A new task force will look for legislative tools that could be included in the next National Defense Authorization Act to ensure the Defense Department is protected from vulnerabilities created by unstable supply chains.
House Armed Services Committee leaders last week announced the formation of the Defense Critical Supply Chain Task Force, which will operate for three months and create a concise report pulling together ideas for legislative fixes to shore up the defense supply chain. Reps. Elissa Slotkin, D-Mich., and Mike Gallagher, R-Wisc., who head the task force, outlined their vision for the task force during a Wednesday press call.
“Back in April and May, I really feel like I was in a version of the Star Wars cantina where I was walking around and everybody was coming up and saying, ‘I got a guy who can get you masks and I got a guy who can get you this,’” Slotkin said of the COVID-19 pandemic. “And that’s just not the way we want to ever be left open again.”
The task force functions as a sort of legislative companion to executive branch efforts covering the same topic. President Joe Biden recently signed an executive order requiring reviews of critical supply chains, including for the defense industrial base and information and communications technologies sectors.
“Making sure that we are working as much as possible with the administration as they look at these executive orders that have now been tasked at what they can do from the executive branch, we want to be moving out on what we can do on the legislative side,” Slotkin said.
The first step the task force will take is to work with DOD to identify what supplies are actually critical, Slotkin said. She anticipates this critical supply list will range from equipment like masks and gloves to higher-end technologies like semiconductors and certain batteries—anything DOD requires to execute its varied missions.
Gallagher said the current supply chain situation is “even less tenable” when it comes to critical technologies, highlighting China’s dominance in drone production and electronics manufacturing. He raised concerns about an “extreme geographic concentration” in and around China when it comes to integrated circuit production.
“…In a crisis, the [Chinese Communist Party] could effectively shut off our ability to procure the building blocks of the advanced technologies that drive our national defense in our civilian economy,” Gallagher said.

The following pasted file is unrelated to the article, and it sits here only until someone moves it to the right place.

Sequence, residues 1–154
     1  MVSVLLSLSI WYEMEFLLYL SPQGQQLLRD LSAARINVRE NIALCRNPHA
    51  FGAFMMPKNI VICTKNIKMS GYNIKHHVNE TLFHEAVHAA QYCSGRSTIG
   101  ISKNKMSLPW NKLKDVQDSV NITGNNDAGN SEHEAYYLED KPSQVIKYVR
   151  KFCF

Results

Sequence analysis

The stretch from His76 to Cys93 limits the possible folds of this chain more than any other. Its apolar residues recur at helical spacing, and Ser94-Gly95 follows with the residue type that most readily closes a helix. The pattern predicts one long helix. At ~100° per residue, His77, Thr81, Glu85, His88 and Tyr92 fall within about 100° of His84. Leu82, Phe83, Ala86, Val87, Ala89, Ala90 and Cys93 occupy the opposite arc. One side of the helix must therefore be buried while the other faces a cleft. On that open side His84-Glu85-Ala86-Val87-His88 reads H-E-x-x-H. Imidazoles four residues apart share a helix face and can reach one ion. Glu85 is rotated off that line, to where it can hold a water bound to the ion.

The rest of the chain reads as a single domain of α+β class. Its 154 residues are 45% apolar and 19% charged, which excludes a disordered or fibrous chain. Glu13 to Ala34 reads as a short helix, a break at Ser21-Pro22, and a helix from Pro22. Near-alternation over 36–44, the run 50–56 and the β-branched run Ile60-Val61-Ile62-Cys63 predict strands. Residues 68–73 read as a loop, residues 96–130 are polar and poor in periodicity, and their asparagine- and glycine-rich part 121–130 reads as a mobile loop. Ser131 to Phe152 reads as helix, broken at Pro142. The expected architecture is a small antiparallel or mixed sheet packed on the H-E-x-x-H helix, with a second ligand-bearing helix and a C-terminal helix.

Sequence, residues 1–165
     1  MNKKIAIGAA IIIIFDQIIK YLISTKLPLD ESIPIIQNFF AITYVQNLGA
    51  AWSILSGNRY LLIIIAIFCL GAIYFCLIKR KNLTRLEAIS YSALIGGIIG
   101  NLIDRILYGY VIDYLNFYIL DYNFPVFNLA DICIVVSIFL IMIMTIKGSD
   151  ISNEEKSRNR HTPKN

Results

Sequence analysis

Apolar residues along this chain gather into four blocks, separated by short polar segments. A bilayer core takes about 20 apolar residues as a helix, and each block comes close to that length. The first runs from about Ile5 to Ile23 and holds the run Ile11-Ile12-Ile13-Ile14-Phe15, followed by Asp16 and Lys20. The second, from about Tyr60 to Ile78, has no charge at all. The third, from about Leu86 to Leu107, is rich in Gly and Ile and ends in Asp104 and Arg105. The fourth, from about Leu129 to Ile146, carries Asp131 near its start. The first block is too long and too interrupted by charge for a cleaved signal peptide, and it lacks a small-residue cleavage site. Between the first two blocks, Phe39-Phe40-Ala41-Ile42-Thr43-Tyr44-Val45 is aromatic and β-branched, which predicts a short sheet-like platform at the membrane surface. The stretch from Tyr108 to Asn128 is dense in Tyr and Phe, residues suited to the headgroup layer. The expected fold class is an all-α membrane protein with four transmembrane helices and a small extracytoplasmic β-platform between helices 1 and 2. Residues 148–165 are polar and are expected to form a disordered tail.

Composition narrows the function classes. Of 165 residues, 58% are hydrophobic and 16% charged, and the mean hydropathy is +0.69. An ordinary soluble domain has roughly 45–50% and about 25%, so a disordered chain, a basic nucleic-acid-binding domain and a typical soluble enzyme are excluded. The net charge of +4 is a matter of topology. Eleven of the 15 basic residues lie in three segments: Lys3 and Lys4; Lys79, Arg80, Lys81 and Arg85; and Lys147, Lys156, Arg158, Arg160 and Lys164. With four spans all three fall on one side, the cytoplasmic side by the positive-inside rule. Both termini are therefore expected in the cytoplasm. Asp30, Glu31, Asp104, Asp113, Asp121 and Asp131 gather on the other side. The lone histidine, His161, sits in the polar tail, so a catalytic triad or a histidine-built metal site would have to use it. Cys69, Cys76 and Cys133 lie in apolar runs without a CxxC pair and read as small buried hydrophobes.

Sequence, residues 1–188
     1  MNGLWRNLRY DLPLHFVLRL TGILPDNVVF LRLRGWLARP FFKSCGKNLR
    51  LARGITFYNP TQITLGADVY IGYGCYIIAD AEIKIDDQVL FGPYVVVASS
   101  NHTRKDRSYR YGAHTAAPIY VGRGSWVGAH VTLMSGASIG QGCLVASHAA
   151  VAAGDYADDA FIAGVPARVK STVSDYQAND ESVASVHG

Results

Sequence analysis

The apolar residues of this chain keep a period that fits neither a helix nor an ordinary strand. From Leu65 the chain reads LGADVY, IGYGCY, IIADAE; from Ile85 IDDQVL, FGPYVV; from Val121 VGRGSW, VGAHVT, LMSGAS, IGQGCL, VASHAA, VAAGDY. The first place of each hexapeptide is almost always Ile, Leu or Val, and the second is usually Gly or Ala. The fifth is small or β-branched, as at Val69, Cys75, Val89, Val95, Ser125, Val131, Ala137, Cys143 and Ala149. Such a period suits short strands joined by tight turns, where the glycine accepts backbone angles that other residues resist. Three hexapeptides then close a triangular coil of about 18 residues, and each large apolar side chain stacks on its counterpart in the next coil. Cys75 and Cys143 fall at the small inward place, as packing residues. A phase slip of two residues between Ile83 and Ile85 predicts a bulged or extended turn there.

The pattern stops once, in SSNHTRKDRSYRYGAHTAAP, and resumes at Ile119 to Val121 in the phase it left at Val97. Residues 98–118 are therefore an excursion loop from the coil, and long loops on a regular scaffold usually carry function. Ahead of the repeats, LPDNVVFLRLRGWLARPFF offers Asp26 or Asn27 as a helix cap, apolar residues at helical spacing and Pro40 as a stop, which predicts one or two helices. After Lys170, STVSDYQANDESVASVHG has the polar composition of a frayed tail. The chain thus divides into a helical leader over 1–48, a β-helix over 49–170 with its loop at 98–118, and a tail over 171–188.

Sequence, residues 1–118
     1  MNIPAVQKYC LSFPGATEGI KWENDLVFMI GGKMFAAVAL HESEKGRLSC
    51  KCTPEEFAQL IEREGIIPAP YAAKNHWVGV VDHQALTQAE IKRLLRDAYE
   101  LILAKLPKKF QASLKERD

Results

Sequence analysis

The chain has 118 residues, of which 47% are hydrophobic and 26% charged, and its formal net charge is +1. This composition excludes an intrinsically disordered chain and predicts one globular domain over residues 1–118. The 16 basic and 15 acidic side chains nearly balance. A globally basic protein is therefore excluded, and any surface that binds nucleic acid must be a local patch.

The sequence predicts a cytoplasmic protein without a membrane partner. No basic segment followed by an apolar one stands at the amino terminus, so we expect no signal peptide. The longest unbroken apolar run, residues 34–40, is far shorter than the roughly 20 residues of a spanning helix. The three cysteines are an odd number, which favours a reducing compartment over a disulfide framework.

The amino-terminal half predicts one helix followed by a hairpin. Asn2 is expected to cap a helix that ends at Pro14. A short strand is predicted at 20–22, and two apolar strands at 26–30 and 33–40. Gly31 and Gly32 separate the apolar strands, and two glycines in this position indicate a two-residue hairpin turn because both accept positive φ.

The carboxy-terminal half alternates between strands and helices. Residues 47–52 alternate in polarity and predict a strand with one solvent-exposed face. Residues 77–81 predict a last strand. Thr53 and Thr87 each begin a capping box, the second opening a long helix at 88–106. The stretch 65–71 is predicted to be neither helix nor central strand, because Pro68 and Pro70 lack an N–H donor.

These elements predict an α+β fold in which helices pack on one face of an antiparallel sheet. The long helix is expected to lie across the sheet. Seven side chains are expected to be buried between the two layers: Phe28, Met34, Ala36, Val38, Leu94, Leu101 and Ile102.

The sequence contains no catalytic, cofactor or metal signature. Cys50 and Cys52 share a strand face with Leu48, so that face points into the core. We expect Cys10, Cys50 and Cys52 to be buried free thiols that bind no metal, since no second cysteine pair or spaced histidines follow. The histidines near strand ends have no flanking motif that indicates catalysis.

While alleviating chokepoints in critical supply chains is a main focus of the task force, Gallagher also said China’s dominance over certain supply chains gave it a powerful coercive tool.
“So we dealt with this in the 5G debate and Huawei and ZTE,” Gallagher said. “It wasn’t just a matter of Huawei and ZTE technology allowing the CCP to spy on people around the world, it was them being able to use that dominant market position in 5G in order to either shut down networks or coerce other countries into doing their bidding.”
The task force will pull from existing ideas around solving the supply chain problem that could be turned into legislation for the next NDAA. Gallagher mentioned the Cyberspace Solarium Commission, which he co-chaired, as a source from which the task force may pull. When asked about another high-profile commission—the National Security Commission on Artificial Intelligence—Slotkin and Gallagher said they looked forward to stealing their best ideas and recommendations where appropriate for the task force.
The HASC cyber and information systems subcommittee will meet jointly with the House Oversight and Reform Committee Friday to hear testimony from NSCAI co-chairs Eric Schmidt, former Google chief executive, and Robert Work, former deputy defense secretary, and other commissioners on the group’s final report.